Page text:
With a more normal footboard angle, playing the hi-hats now feels much better. I need to give it some time to see if all of that sluggishness is really gone and not just a placebo effect. And I'm hoping I haven't introduced an unreasonable amount of stress on the chain with my improvised mounting method. Time will tell...​
 
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rstange1

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Here are some photos regarding footboard angle. First zero the level:
IMG_1753.jpeg


The angle of the new Dyno-Matic:
IMG_1758.jpeg


And for contrast, the angle of my vintage Swivo-Matic:
IMG_1757.jpeg


And for reference, the angle of my DW Ultralight:
IMG_1759.jpeg
 

rstange1

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Here's my work-around for the Dyno-Matic footboard angle. This is how the chain attaches to the footboard:
IMG_1760.jpeg


And the footboard with the chain removed:
IMG_1752.jpeg


Here's the toe-stop from my Dyno-Matic bass drum pedal:
IMG_1761.jpeg


And the chain attached to the toe-stop:
IMG_1762.jpeg


Adjusted to its extreme, I've almost doubled the footboard angle:
IMG_1764.jpeg


For now, I'm running in the mid-point of the adjustment range:
IMG_1767.jpeg
 

rstange1

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Here's a wingscrew and tube lock comparison between Dyno-Matic and Swivo-Matic:
IMG_1749.jpeg

IMG_1756.jpeg


And a peek at the spring adjustment on the Dyno-Matic:
IMG_1750.jpeg


Here's the Dyno-Matic memory lock (I love this, it's so simple!):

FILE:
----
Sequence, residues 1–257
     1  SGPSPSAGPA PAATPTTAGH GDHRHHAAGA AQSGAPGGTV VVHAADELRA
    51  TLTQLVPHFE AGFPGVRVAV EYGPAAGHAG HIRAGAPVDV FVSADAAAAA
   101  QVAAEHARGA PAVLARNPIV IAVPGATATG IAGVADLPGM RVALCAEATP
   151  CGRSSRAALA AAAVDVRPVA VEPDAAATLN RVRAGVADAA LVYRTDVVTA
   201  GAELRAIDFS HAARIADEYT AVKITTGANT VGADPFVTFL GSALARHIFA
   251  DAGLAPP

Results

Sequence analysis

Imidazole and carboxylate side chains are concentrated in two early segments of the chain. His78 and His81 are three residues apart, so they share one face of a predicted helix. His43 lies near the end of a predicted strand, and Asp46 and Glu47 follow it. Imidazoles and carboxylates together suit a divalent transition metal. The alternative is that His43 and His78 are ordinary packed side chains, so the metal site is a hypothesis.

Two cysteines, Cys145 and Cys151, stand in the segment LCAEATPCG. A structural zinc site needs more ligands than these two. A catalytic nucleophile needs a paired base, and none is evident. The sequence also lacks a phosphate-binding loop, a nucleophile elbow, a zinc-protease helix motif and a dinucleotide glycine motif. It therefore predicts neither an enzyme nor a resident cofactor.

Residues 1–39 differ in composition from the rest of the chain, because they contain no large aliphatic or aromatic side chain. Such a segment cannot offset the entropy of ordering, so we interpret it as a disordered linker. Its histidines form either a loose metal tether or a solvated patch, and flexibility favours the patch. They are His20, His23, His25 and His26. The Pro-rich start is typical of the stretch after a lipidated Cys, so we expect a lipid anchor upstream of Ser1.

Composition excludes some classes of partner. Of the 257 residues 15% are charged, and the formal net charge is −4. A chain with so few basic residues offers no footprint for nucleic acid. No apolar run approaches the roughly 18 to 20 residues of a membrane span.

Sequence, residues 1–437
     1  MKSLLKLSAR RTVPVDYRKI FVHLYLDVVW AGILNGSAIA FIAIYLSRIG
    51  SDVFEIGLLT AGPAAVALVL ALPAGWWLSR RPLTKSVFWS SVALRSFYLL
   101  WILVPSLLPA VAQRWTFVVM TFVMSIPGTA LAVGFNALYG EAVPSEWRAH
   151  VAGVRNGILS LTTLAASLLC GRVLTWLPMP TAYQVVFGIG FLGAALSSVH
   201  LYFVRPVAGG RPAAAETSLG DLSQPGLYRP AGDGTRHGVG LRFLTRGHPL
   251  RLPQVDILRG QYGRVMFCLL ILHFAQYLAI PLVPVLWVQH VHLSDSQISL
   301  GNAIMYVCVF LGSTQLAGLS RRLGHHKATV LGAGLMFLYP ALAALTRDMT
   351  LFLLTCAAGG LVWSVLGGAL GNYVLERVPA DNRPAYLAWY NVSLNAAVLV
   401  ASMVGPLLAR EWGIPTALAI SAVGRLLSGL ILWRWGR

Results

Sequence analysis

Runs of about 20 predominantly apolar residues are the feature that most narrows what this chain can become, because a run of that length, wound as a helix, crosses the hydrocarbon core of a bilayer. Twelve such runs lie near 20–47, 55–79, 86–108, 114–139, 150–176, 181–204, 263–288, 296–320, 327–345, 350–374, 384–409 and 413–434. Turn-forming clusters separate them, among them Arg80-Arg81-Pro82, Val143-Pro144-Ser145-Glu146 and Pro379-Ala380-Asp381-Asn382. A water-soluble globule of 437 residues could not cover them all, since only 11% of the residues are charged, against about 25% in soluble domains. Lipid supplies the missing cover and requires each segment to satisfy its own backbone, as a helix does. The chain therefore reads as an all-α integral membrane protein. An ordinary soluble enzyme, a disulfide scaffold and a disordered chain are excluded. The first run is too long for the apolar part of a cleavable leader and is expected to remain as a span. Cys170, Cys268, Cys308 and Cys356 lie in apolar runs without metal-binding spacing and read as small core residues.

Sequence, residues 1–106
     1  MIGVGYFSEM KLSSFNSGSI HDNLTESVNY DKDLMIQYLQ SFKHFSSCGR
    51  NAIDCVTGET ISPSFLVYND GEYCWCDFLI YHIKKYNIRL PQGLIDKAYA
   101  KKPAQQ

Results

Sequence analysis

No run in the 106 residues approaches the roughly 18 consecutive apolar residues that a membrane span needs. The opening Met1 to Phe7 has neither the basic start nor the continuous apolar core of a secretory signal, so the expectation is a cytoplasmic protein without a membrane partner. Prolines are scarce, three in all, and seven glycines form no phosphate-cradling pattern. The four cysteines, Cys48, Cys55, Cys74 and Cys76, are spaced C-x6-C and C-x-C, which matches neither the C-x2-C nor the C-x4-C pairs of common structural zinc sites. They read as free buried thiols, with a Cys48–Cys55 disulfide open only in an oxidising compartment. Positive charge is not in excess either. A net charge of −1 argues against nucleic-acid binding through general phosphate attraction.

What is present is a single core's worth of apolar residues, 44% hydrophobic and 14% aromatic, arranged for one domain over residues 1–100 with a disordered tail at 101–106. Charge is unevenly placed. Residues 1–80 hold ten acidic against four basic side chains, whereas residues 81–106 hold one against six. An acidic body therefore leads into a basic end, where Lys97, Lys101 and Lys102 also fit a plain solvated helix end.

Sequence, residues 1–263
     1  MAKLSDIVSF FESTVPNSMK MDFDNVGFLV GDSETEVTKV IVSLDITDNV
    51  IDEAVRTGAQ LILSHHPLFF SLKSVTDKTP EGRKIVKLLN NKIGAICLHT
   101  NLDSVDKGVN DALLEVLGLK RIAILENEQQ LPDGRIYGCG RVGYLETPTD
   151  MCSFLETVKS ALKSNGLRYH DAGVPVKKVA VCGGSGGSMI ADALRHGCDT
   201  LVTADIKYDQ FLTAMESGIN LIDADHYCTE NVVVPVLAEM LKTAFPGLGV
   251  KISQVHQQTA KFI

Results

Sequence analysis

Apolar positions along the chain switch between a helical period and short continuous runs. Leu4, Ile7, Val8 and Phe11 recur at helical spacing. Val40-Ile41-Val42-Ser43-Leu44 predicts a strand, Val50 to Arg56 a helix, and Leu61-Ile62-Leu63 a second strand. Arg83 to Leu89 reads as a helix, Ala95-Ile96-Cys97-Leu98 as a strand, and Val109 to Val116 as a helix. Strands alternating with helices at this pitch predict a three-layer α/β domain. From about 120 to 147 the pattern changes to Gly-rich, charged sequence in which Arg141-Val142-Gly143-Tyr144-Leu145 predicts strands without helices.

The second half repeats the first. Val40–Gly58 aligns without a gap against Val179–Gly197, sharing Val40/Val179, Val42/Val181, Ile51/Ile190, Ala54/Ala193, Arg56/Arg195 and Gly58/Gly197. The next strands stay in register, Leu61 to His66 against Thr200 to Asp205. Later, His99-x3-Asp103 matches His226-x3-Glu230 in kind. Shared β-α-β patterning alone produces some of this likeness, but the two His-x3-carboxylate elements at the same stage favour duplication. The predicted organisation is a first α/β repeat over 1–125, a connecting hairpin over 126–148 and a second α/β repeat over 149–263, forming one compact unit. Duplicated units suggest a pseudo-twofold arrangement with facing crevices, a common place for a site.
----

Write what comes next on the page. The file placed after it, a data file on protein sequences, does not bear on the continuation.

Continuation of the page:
IMG_1770.jpeg
IMG_1771.jpeg


And the tilter screw, 1/8" Allen key, etc.
IMG_1772.jpeg


And finally a little wingscrew comparison -- new Rodgers to new Gibraltar:
IMG_1773.jpeg
IMG_1774.jpeg
 

maxb2k

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Excellent review rstange1. Now that you have your pedal more dialed in could you compare and contrast with your vintage swivomatic hihat specifically regarding foot action, which one is more responsive, and how the two compare weight wise? Also, does the foot stop present any kind of obstruction ?

Thanks, Max
 

Johnny Blonde

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I thought the same thing when I first saw the angle of the foot board, " No way is this ever going to be comfortable!" I exclaimed. Looks pretty flimsy as well. On the other hand, it worked for Bonzo, so maybe...

I loved it the minute I set it up. I've got several hi hat stands that may be considered superior, Ludwig Pro, Iron Cora and are most certainly bigger and heavier but I come back to the Rogers everytime. The footboard has never been an issue. I love the combination of this hi hat stand with the Speed King, they just feel good together. Never switching.
 

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Shovel&Pale

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Just got mine and I have to say I am underwhelmed. The whole thing just seems cheap. I've been using the strap drive pedal and absolutely love it. It almost weighs as much as the stand!

I'm also disappointed to see the lack of spikes on a modern stand. They at least could have put the same sort of backing that's on the bottom of the pedal on the bottom of the down post. If you were really laying into it on the wrong surface, it will slide.

Sticking with my Gibraltar Pro Lite. My daughter can have this one.
 
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amosguy

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I like the stand just fine myself. But your idea to change the footboard angle will inspire me to see what I can come up with myself.

I like to have a splash above my hats (saves a stand) and have put an extension on the original swivomatic stand rod I also use. Easy since Rogers provides the extension rod for just this purpose. Imagine my surprise to discover that the new rod is not the standard thread, or even a 6 or 8 mm size rod. It is 7 mm, and finding a double nut and thread stock to make the extansion was a challenge. Not usual off the shelf parts. Took some hunting but I did find what I needed. Had to buy 36" thread stock, so if anyone wants to add to theirs, let me know. I have plenty left over.